Umm... Side-missions anyone?

Umm... Side-missions anyone?
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Sound-wise, the game is pushed along with a lot of varied voicing form a cast that obviously know what they’re doing. They really convey the world and emotions extremely well. Not to mention, you won’t be reading any text. The rest of the sounds all do their jobs, with guns that have enough bang and explosions that have enough boom. The cars are somewhat indistinctive but they often make a horrible clunking noise whenever they hit another car. Then there are occasions where the sound track completely goes on the frits, spurting random sound effects that are completely irrelevant at the time or place. The music is strangely subdued and should’ve been used to its full extent.

Overall, The Godfather is an interesting homage to classic movie and novel. However, the focus on action means that some of the movie’s cinematic appeal is lost. However, the focus on action makes for an enjoyable game with a great setting. While it does play a little too safely for a game in a genre known for endearing features, it does bring enough new aspects and new ideas to the table to make it worth a look. The individual mechanics come together reasonably well with none being brilliant or outstanding but once you get the way that the game encourages you to play, it works out reasonably well. It’s just too bad that it doesn’t really hit the peaks that you’d expect. Is this an offer you will refuse? Maybe, but it does deserve a look in from anyone interested in a good action romp with a great premise and setting.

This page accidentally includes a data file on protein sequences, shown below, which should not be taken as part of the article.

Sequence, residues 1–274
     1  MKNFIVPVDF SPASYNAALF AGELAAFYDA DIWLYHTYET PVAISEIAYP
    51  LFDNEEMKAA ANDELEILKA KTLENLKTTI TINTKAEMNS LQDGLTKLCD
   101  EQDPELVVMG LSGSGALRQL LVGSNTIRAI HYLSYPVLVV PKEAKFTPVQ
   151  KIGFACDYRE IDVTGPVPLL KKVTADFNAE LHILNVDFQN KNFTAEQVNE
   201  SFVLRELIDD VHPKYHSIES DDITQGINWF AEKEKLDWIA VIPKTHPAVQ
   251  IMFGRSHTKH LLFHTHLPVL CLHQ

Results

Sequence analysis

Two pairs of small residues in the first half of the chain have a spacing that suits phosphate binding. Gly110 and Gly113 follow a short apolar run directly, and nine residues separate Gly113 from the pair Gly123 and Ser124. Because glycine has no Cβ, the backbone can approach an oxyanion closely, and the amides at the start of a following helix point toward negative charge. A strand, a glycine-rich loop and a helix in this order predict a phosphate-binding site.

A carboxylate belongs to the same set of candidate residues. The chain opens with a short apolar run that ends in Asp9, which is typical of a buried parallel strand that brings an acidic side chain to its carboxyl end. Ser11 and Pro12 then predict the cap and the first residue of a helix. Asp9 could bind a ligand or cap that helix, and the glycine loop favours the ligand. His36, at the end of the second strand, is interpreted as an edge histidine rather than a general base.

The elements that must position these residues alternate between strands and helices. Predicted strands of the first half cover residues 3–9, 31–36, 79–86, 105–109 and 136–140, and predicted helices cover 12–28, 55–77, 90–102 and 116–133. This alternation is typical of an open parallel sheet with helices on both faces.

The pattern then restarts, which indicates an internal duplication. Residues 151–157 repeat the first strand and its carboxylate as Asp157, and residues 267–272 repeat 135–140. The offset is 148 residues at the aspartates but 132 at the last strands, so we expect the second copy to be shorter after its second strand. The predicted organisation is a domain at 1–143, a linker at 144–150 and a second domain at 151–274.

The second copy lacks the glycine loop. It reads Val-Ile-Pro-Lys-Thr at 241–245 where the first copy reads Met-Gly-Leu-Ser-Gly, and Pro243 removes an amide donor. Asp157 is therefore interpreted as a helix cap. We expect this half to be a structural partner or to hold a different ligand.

The Score
The Godfather is a good action game with an a great premise and setting. While it doesn't quite deliver all the goods, it's an offer that fans of this genre shouldn't refuse. 7
Looking to buy this game right now? PALGN recommends www.Play-Asia.com.

Related The Godfather Content

The Godfather coming to Wii and PS3
14 Jan, 2007 Two different editions.
New Godfather premium content released
24 Oct, 2006 Buy $250K for 150 points.
The Godfather Review
02 Oct, 2006 How does the PSP version hold up?
4 Comments
8 years ago
Played mafia?How does this compare to mafia, cause that was tops.
8 years ago
Mafia is one of my all time favs. Godfather allows a little more immersion into the role of a gangster (through your activities) but Mafia has much more explosive and endearing gameplay.
I think it helps Mafia that the game doesn't have any constraints with respect to an already given medium.
8 years ago
seems to have turned out a lot better than i was expecting.

i'm not sure if i'll get it (probably not) but at least it isn't as rotten as i expected when i first heard of it.
8 years ago
good and fair review
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  Pre-order or buy:
    PALGN recommends: www.Play-Asia.com

Australian Release Date:
  Out Now
European Release Date:
  Out Now
Publisher:
  EA Games
Developer:
  ???
Players:
  1